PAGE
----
Concrete vs. Asphalt: Choosing the Best for Your Driveway

man walking

If you’re constructing a new home or simply refurbishing parts of your house, you may want to look into repaving your driveway. Apart from making your property look cleaner, regular maintenance can also help you cut costs from more expensive repairs in the long run. You also want to address those cracks and holes to ensure a smoother drive on your property.

But what is the best material for your driveway? Here’s a rundown on the difference between the two to help you decide.


Between the two, asphalt driveways are relatively cheaper. They start $2 to $5 per square foot of the driveway. But if you’re getting a stamped or colored coat, the cost can rise to $8 or higher. Concrete, on the other hand, costs about $4 to as much as $10 per square foot. Adding a stain, a custom finish, and other decorative elements can balloon the cost up to $15 or more.

But asphalt prices depend on crude oil prices. And with oil prices fluctuating all the time, there may also be an unexpected increase in asphalt prices. Asphalt prices rise along with oil prices, but concrete prices do not inflate as much.

Compatibility with Weather and Climate

Homeowners who live in regions with extreme weather patterns should also consider how the climate can affect driveway materials. If you live in an uncomfortably hot area, like Phoenix, asphalt driveways may not be a good idea. Asphalt tends to soften in intense heat and solidify when the temperature drops, so it doesn’t maintain the same strength all year round. You can tell by the tire tracks imprinted on roads and driveways. This means that a heavy car passed on the road while the asphalt was soft.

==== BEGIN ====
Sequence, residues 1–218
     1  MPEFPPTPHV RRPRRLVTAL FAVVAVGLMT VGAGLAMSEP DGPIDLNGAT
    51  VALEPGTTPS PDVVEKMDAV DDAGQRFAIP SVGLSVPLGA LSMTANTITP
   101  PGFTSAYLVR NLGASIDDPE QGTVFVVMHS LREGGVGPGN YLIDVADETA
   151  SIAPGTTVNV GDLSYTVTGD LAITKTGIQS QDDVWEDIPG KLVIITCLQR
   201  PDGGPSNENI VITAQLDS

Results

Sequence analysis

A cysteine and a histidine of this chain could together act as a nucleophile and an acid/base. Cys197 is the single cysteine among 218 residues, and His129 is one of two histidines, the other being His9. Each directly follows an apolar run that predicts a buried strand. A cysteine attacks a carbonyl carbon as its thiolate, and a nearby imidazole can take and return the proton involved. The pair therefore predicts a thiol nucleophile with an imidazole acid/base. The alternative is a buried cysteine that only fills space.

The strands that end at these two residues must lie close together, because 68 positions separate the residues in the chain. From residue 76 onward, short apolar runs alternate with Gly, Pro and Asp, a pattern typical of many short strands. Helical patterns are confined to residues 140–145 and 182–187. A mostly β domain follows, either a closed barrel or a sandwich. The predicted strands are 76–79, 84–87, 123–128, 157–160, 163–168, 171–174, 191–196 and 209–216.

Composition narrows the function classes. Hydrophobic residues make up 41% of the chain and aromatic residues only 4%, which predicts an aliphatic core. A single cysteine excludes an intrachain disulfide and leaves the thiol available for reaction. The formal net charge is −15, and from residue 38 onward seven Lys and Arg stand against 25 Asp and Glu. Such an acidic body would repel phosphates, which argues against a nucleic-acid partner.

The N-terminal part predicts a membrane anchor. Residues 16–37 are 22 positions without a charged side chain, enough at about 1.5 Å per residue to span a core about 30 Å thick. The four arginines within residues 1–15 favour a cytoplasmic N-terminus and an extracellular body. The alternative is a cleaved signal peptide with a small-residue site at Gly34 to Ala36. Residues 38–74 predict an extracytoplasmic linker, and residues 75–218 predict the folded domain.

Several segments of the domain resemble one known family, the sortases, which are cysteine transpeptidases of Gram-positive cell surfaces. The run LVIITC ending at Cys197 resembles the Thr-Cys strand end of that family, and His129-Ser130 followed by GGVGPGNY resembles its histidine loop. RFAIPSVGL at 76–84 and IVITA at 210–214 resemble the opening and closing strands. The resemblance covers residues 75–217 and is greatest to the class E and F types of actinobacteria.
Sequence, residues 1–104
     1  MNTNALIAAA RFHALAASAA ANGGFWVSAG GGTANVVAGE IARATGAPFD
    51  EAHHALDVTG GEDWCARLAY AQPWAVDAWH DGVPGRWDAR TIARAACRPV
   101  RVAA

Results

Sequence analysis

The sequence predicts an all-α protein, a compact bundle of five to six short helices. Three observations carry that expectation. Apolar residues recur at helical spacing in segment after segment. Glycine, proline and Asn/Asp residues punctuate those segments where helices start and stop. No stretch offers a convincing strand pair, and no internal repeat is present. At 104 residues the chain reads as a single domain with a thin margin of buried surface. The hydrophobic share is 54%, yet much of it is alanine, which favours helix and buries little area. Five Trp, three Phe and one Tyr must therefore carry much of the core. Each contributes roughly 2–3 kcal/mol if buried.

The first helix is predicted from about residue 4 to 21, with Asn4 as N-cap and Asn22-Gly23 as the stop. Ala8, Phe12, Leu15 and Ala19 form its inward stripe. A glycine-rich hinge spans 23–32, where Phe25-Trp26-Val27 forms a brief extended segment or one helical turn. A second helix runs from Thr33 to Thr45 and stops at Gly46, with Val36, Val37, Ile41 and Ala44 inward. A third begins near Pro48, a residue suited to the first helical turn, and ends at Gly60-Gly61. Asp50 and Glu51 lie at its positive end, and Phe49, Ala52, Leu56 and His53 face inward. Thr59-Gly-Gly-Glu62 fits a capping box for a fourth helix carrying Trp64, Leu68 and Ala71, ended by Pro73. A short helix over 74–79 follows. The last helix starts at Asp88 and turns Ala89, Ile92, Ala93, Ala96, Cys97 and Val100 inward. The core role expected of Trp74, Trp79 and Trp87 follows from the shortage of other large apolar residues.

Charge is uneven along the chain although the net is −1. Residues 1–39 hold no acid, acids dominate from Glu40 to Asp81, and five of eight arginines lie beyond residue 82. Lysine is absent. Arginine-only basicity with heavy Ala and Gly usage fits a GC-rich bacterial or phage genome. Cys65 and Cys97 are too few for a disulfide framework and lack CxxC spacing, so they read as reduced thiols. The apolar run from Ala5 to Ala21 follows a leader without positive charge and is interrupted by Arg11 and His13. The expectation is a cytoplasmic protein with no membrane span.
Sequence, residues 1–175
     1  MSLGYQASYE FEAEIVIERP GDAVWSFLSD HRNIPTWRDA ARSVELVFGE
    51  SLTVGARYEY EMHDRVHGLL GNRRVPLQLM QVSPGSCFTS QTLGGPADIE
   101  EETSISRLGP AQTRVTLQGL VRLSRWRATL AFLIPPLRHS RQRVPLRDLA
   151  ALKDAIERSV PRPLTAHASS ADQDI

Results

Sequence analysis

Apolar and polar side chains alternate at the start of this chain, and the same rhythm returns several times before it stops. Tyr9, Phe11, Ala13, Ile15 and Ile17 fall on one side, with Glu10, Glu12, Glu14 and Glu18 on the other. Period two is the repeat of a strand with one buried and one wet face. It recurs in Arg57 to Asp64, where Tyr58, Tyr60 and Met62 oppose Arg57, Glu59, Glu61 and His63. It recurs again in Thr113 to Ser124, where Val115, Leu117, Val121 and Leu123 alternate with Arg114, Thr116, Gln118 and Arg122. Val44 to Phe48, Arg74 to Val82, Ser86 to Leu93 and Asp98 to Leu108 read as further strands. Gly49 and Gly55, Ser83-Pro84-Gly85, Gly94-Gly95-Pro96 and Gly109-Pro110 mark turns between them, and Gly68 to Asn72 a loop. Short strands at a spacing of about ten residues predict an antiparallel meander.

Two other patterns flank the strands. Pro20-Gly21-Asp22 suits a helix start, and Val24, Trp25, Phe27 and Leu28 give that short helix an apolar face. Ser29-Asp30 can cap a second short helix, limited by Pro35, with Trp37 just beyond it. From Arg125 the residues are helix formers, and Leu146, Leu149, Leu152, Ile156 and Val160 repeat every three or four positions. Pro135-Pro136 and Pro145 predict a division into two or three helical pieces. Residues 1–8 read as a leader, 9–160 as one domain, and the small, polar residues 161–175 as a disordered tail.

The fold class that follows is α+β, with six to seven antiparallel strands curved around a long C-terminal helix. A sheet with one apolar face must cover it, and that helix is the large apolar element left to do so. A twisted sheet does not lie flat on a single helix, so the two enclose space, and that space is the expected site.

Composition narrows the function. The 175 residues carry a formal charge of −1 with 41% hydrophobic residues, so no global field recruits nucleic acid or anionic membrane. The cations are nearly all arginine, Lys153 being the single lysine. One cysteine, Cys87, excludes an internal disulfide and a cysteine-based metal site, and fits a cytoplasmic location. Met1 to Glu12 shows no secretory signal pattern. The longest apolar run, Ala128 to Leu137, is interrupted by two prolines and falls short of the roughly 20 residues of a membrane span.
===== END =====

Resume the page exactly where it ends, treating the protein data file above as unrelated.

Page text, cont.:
Concrete performs better in hot climates because it doesn’t melt once it solidifies. But it can crack during freezing conditions due to frost heave. Road salts can also damage the finish of a concrete driveway. So if you’re in a city where the cold can get intense, like Grand Forks in North Dakota, an asphalt driveway is a better idea. But you can freely choose between concrete or asphalt paving in Sandy, Utah or Atlanta, Georgia since these places have generally average temperatures per season.


Because concrete is easier to work with, you have more decorative options for concrete driveways. It can be stained or tinted with different colors and etched with unique patterns.

Asphalt is not as workable as concrete, so the options for customization are limited. The builder needs to roll and compress the asphalt to make the surface of the driveway even. This process makes it hard to incorporate any decorative elements into the driveway. Usually, asphalt driveways are just plain and black.


 asphalt driveway

An asphalt driveway requires more tedious maintenance than a concrete one. You need to seal it six to 12 months after installation and reseal every three to five years. This process prevents the oils in the asphalt from oxidizing, which will preserve its color and durability over time.

Concrete driveways, on the contrary, don’t need to be sealed. Although it’s still a good idea because the sealers prevent stains and preserve the custom finishes.

Although asphalt driveways are harder to maintain, they are easier and cheaper to repair compared to concrete driveways. Cracks are less visible and easier to repair on asphalt because the material is soft. Weathering is more visible on concrete driveways and is harder to touch up. You can’t resurface concrete driveways, so you’ll have to replace the entire thing, which can get expensive.

There is no lesser option between concrete and asphalt; it all depends on your location, financial capability, and diligence when it comes to maintenance. So consider all these factors before you redo your driveway.

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